Criminal Sentencing


Companies may find that their practices are not bulletproof when it comes to Foreign Corrupt Practices Act compliance. (Image: Wikipedia)

Companies may find that their practices are not bulletproof when it comes to Foreign Corrupt Practices Act compliance. (Image: Wikipedia)

A recent story should serve as a cautionary tale for companies that do not want to run afoul of the federal Foreign Corrupt Practices Act. Looking at a recent prosecution, the publication Corporate Counsel determined that it doesn’t take much to steer into risky waters.

The article relates how Smith & Wesson agreed to pay $2 million to settle charges after the government alleged the company “had engaged in a systematic pattern of bribery from 2007 to early 2010 in order to get contracts to sell firearms to foreign military and law enforcement in countries such as Indonesia, Turkey and Pakistan.” The article’s larger lesson is voiced by a Mayer Brown attorney:

“Bill Michael, cochairman of Mayer Brown’s global anticorruption and FCPA practice, told CorpCounsel.com the fact that the SEC was willing to go after a company that only profited by a little more than $100,000 from allegedly illegal actions should be a lesson and warning to those who would skirt antibribery law. ‘Apparently, no case may be too small,’ he said.”

You can read the complete article here (subscription or LinkedIn log-in may be required).

In Arizona Attorney Magazine, we have covered the Foreign Corrupt Practices Act, and this story by Anne Bishop and Brett Johnson is worth a bookmark.

Arizona Attorney, Feb. 2009

Arizona Attorney, Feb. 2009

But for your clients who operate abroad, also remember to examine other nation-specific laws that may trip up your corporate clients. For instance, we covered the U.K. bribery law here (thanks to Marc Lieberman and Mark Lasee for that great article).

Foreign Corrupt Act UK AzAt March 2012

Arizona Attorney, March 2012

 

How serious do Americans think our incarceration crisis is? Their word choice provides a clue.

How serious do Americans think our incarceration crisis is? Their word choice provides a clue.

It may be wonkish and nerdy to admit, but I enjoy the etymological side of public policy quite a bit.

Wait, that sentence itself is pretty incomprehensible. So let me start again.

We may all know “mass incarceration” when we see it (especially in the United States). But where did the term come from? Who used it first? And is it a neutral phrase, or laden with ideological baggage?

That is the conceptual adventure a reader embarks on when they begin a recent article on the Brennan Center website titled “Just Facts: Quantifying the Incarceration Conversation.

In the article, Oliver Roeder explains the roots of the term mass incarceration. That alone makes the article worth your time.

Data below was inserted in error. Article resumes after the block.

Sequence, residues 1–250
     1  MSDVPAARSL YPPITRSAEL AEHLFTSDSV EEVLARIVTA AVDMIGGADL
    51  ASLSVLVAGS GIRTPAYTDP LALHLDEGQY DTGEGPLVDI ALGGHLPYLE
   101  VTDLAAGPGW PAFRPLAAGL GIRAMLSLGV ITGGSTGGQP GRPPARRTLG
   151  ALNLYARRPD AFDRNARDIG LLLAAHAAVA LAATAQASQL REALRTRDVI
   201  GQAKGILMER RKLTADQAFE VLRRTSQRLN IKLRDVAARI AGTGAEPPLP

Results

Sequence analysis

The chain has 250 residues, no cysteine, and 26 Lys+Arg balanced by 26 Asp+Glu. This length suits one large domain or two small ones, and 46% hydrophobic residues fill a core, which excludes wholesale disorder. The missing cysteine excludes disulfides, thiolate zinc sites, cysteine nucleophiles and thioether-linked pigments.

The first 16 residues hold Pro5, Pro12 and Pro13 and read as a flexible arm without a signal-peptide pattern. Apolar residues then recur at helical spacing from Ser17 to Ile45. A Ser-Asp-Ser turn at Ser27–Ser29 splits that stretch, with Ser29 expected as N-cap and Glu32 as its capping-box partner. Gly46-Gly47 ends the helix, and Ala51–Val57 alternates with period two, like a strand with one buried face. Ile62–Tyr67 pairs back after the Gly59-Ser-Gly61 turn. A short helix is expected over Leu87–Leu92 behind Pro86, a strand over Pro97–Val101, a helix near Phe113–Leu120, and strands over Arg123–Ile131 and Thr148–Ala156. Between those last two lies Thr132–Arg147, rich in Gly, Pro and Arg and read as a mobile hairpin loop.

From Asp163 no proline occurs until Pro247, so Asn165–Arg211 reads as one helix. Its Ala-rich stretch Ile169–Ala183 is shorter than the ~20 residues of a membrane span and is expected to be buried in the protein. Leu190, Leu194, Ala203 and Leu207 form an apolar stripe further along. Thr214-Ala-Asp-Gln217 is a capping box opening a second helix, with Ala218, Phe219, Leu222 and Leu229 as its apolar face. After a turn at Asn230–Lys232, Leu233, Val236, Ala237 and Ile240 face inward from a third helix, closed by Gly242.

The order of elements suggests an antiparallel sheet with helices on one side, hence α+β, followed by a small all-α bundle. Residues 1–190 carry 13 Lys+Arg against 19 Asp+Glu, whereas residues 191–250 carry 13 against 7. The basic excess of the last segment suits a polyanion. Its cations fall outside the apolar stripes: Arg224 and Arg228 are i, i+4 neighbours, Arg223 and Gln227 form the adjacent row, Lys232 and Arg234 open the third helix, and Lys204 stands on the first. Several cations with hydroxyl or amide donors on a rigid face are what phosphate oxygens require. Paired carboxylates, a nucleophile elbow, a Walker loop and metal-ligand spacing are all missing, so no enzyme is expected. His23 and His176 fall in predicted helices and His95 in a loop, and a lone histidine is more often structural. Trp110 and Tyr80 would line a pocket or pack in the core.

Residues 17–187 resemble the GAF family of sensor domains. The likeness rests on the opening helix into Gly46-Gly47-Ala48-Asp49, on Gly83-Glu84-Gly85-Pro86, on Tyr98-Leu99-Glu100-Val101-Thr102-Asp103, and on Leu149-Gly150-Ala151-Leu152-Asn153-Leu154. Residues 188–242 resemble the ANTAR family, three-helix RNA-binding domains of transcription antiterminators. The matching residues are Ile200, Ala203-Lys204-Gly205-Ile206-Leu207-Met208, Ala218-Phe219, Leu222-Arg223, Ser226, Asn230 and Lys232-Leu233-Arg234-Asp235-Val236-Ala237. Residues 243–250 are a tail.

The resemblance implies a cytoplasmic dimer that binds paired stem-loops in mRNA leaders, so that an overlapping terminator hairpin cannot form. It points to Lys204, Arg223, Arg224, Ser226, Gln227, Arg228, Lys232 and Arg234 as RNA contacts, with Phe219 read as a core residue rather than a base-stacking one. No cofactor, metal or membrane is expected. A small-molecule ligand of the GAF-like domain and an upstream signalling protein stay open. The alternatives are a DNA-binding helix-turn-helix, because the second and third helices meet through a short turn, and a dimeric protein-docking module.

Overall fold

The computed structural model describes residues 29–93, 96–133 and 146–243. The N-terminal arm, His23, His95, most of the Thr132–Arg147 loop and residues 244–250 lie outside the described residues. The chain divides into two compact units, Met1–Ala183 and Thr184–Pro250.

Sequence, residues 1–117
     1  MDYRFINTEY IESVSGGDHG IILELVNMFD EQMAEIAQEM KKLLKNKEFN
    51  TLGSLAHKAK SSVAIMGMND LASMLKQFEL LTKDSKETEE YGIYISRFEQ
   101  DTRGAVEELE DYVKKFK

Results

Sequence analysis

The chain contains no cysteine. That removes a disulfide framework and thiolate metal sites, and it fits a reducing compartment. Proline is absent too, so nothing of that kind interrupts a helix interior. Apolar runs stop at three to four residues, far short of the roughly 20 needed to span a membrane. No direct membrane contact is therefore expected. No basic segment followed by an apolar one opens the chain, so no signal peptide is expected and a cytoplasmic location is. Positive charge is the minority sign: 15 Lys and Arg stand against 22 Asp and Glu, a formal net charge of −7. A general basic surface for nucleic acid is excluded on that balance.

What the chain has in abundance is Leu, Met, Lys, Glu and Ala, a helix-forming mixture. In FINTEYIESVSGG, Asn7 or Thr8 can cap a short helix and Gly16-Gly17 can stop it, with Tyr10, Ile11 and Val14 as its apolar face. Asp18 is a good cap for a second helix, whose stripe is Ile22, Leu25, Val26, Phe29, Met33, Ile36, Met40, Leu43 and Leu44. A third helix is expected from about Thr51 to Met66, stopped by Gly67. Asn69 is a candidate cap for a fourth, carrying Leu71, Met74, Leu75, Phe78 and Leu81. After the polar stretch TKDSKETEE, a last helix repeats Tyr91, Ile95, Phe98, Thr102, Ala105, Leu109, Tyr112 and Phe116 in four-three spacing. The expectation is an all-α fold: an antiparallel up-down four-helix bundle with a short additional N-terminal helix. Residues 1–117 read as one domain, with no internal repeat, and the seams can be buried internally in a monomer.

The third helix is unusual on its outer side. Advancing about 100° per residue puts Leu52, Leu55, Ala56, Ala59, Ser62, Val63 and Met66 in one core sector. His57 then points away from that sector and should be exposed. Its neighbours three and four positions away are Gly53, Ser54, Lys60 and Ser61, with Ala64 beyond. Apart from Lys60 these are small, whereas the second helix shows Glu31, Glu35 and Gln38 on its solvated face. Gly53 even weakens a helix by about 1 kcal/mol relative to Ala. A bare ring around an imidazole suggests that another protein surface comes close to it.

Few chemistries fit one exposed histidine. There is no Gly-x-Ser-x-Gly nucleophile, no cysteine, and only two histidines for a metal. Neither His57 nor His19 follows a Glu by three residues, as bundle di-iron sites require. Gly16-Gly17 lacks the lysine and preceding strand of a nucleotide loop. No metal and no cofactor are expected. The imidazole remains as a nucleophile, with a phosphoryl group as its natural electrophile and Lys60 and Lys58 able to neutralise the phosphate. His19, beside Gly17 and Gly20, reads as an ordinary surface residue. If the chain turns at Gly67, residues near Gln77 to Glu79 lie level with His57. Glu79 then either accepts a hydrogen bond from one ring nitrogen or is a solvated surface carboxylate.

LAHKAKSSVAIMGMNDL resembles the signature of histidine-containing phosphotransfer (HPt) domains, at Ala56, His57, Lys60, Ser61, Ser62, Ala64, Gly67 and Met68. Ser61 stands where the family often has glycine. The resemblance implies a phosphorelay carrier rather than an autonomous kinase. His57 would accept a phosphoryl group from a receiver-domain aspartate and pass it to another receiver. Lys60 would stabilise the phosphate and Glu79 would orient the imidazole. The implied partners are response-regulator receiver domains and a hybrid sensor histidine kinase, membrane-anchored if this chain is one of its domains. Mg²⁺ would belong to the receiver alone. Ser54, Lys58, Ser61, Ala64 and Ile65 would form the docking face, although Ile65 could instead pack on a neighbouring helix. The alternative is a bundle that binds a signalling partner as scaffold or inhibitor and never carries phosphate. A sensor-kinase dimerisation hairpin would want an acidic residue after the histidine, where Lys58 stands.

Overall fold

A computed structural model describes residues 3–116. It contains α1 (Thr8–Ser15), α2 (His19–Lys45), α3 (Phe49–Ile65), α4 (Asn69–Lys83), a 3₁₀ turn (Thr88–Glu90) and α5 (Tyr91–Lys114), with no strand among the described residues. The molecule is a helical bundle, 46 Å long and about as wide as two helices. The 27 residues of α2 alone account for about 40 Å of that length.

But of special interest is the kind of research that a digitized knowledge base allows us. The existence of digitized articles and scholarship permits talented people like Roeder to track trends in word use. Because of that, he’s able to explain, among other things, how use of the phrase ramped up, and to compare it to the increasing size of our prison population. Here is an example of one of his tables:

Mass incarceration table Brennan Center

Roeder earned his economics Ph.D. at the University of Texas in Austin. Perhaps not coincidentally, Texas is one of the states trying to make inroads in the mass incarceration challenge.

A few years ago, I wrote a story about the possibility for altered sentencing laws in Arizona. It appeared way back in 2012, when the prospects had brightened and then dimmed.

But if Roeder’s analysis shows anything, it is that the concept of mass incarceration has entered the collective consciousness. Supporters and detractors both understand that they must wrestle with the propriety of a historically large prison population.

So maybe it’s time for an updated look. What do you think?

Ak Chin Justice Center, whose ribbon-cutting occurred June 6, 2014. Maricopa, Ariz.

Ak Chin Justice Center, whose ribbon-cutting occurred June 6, 2014. Maricopa, Ariz.

Maricopa, Arizona, was the site of a June 6 community gathering that marked the opening of the Ak-Chin Indian Community Justice Center. The 56,000-square-foot building houses the tribal police department, court and detention center, as well as offices for public defenders, prosecutors and probation staff.

That’s the opening to my news story that will be published in the July/August Arizona Attorney Magazine. That’s also where we’ll include a smattering of photos.

But who doesn’t like more photos? So here are a few in this post. And you can see the whole set on our Facebook page here.

Have a great—and justice-filled—weekend.